SAN FRANCISCO, Feb. 19, 2013 /PRNewswire/ -- SaveUp.com (www.saveup.com), a national online financial rewards program for saving and paying down debt, today announced the findings in its first U.S. Consumer Savings and Debt Report. The report's major findings focused on the savings and debt habits of Gen X and Y, who lead the nation with a burden of debt -- the average total debt load is close to $37,000 per person for younger Americans under 47.
Significant differences in the kinds of debt remain, however. Over 60% of Gen Xer's debt comes from mortgage and student loans, considered "good" debt, that helps build assets and job opportunities. Gen Yers however have close to half of their obligations, 48.4%, in non-asset building loans, mostly considered "bad debt."
"Consumers under 47 are still recovering from the Great Recession and are shouldering a disportionate share of our national debt," said Priya Haji, CEO of SaveUp.com. "Faced with higher debt earlier in life does make it more challenging for the younger generation to establish a secure financial future. We need financial institutions, policy makers and innovators to work together to create solutions to help this next generation succeed financially."
Gen X and Yers have an average of $46,972 and $28,930 in total debt respectively, compared to the national average debt load of $36,157.
Other key statistics broken down by age group with the following loan type:
- Average mortgage debt of $181,706 (over 21% above the US average)
- Average student loan debt of $44,270 (82.2% higher than US average)
- Average credit card debt of $8,801 (over 22% higher than US average)
- Average mortgage debt of over $161,000 (7.5% above the US average)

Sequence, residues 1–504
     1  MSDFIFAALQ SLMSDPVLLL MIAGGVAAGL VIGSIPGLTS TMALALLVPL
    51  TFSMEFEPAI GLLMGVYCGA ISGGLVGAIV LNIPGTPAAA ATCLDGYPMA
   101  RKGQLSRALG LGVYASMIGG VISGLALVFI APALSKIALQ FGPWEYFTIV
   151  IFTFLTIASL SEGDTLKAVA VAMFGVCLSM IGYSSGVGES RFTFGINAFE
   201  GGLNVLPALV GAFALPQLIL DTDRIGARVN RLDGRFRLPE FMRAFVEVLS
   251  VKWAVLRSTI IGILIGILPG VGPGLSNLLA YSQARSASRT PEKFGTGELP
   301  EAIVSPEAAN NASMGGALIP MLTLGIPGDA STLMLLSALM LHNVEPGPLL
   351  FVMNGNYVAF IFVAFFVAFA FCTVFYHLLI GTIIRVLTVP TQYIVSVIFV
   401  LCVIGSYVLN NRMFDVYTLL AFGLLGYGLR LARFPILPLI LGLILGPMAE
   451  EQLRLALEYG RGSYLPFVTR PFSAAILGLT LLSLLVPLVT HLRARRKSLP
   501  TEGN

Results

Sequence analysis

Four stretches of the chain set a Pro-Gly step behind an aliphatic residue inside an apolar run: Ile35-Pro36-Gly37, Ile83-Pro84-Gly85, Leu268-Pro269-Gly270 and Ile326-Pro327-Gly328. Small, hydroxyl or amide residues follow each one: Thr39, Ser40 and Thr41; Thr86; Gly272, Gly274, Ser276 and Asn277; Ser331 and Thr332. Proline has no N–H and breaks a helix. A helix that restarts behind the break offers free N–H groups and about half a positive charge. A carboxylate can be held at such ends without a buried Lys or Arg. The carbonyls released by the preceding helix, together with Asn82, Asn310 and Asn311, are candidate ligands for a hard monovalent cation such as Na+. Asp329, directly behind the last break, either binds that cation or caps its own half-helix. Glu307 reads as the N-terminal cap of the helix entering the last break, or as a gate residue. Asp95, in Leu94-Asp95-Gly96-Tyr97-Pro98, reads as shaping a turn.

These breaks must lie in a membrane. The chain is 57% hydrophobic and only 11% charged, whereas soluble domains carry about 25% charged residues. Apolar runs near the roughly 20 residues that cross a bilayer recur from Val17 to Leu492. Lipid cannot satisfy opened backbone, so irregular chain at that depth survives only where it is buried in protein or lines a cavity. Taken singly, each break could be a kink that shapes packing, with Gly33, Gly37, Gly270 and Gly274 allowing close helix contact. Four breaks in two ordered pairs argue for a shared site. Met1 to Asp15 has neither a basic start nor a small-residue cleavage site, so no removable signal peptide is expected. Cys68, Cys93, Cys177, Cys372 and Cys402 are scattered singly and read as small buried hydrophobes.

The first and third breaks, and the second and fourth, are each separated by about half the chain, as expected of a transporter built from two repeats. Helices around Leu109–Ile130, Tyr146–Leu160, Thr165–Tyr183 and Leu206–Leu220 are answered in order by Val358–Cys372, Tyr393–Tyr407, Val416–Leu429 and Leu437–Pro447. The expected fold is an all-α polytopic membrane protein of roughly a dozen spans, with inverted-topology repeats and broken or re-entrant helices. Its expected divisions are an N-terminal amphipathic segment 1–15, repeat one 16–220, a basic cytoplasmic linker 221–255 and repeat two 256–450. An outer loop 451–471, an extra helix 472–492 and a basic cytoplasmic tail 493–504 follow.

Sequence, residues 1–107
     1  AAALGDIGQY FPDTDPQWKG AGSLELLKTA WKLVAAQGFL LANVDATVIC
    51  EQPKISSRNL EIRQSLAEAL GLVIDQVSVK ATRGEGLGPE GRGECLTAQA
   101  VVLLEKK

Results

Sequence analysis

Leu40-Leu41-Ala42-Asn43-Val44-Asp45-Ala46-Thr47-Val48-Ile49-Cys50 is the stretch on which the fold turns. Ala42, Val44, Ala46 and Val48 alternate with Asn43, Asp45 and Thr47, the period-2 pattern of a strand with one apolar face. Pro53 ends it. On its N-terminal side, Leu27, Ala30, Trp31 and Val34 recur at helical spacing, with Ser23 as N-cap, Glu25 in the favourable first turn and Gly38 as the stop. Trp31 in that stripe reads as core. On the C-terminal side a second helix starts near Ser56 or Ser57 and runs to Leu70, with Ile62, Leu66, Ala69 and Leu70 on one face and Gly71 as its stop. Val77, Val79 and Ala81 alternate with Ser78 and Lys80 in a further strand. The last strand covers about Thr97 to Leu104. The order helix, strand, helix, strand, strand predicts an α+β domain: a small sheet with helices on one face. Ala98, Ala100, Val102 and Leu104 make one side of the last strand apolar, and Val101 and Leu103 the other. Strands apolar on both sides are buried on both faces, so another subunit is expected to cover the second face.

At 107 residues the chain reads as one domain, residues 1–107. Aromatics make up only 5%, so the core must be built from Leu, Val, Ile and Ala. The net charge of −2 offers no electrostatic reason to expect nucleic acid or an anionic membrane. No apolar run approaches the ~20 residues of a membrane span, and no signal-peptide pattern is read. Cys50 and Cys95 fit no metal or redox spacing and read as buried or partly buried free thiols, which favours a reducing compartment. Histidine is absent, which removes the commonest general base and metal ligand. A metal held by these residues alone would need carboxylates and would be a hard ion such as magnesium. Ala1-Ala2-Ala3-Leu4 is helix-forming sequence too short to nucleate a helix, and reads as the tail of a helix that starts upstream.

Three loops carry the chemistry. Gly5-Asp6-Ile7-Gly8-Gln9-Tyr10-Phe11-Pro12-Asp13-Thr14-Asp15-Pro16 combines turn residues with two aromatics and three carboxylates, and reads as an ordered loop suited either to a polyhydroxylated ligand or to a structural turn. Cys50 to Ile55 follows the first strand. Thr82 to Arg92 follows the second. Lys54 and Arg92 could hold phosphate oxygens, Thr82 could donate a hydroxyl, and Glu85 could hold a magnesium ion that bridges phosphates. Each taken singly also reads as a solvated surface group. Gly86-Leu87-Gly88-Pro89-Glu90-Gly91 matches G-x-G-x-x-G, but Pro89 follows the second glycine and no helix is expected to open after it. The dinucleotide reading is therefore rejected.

- Average student loan debt of $40,273 (65.7% higher than US average)
- Average credit card debt of $4,113 (42.8% lower than US average)
Saving Patterns of Gen X and Y
Analyzing savings, significant differences appear as well. Large gaps between savers and spenders appear early on amongst consumers under 47. Only 32% of Gen Xers are investing and saving for retirement. However, that 32% represents close to 82% of total Gen X savings. Those "savers" put aside more than the median amount of $61,000 with an average of $65,463 in 401k and IRA accounts.
For Gen Yers, 29% are saving in longer-term funds like IRA, taxable investments and 401K accounts. For those, the average balance in retirement accounts is $24,415, twice the median amount of $12,000 for that age group.
Finally, Gen X and Y divide their savings fairly equally in three ways. Over one third (34.6%) of their total savings is set aside towards retirement. Another 32.5% is placed in taxable investment plans, while the remaining 32.9% is allocated to low interest bearing savings accounts (CDs, savings, money market, etc).
The SaveUp.com U.S. Consumer Savings and Debt Report analyzes current savings and debt levels of its user base and will make monthly comparisons pulled at least 30 days prior and no more than 90 days prior to the stated month. This month's report is based on the data a representative sample of more than 20,000 SaveUp users' savings and debt balances.
Founded in 2011, San Francisco-based SaveUp is the first free nationwide rewards program that encourages Americans to save money, pay down debt and make positive financial changes. By partnering with major consumer brands and financial institutions, SaveUp gives users the opportunity to win exciting prizes for performing positive financial actions. Individual user information is secure on the site with bank level encryption. Intuit provides the back-end aggregation technology and SaveUp has completed a bank-level security audit.
To get rewarded for your positive financial actions or to partner with SaveUp as a bank or sponsor, please visit us at www.saveup.com
- Gen X (born in 1965-1980), Gen Y (born in 1981-1995)
- Non-asset building debt includes loans like credit cards, car loans, lines of credit and other loans.
- Taxable investments are any investments of which taxes are not deferred, such as mutual funds, stocks, etc.